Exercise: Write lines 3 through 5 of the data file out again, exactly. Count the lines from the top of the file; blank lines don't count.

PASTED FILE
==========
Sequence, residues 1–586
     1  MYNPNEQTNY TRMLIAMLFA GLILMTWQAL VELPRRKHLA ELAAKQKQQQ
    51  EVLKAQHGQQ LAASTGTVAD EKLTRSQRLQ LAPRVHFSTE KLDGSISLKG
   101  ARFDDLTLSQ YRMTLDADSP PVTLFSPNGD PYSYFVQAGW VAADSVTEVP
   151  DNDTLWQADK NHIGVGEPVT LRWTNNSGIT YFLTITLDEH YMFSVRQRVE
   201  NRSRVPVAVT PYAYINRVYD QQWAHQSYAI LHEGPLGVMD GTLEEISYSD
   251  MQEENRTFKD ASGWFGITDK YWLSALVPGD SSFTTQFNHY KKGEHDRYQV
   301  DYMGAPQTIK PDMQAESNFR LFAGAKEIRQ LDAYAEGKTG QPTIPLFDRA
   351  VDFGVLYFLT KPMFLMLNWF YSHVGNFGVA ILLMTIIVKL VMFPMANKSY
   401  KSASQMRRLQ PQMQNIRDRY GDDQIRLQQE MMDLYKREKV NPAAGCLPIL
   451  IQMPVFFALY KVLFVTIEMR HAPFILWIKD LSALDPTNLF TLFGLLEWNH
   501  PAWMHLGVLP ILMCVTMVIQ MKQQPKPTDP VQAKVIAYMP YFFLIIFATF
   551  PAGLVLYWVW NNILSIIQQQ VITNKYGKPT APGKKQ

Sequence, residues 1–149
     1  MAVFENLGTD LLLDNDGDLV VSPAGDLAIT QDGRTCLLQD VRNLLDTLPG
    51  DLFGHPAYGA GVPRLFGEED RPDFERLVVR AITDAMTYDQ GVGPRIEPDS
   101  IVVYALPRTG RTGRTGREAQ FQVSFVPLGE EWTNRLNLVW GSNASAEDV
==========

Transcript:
    51  EVLKAQHGQQ LAASTGTVAD EKLTRSQRLQ LAPRVHFSTE KLDGSISLKG
   101  ARFDDLTLSQ YRMTLDADSP PVTLFSPNGD PYSYFVQAGW VAADSVTEVP
   151  DNDTLWQADK NHIGVGEPVT LRWTNNSGIT YFLTITLDEH YMFSVRQRVE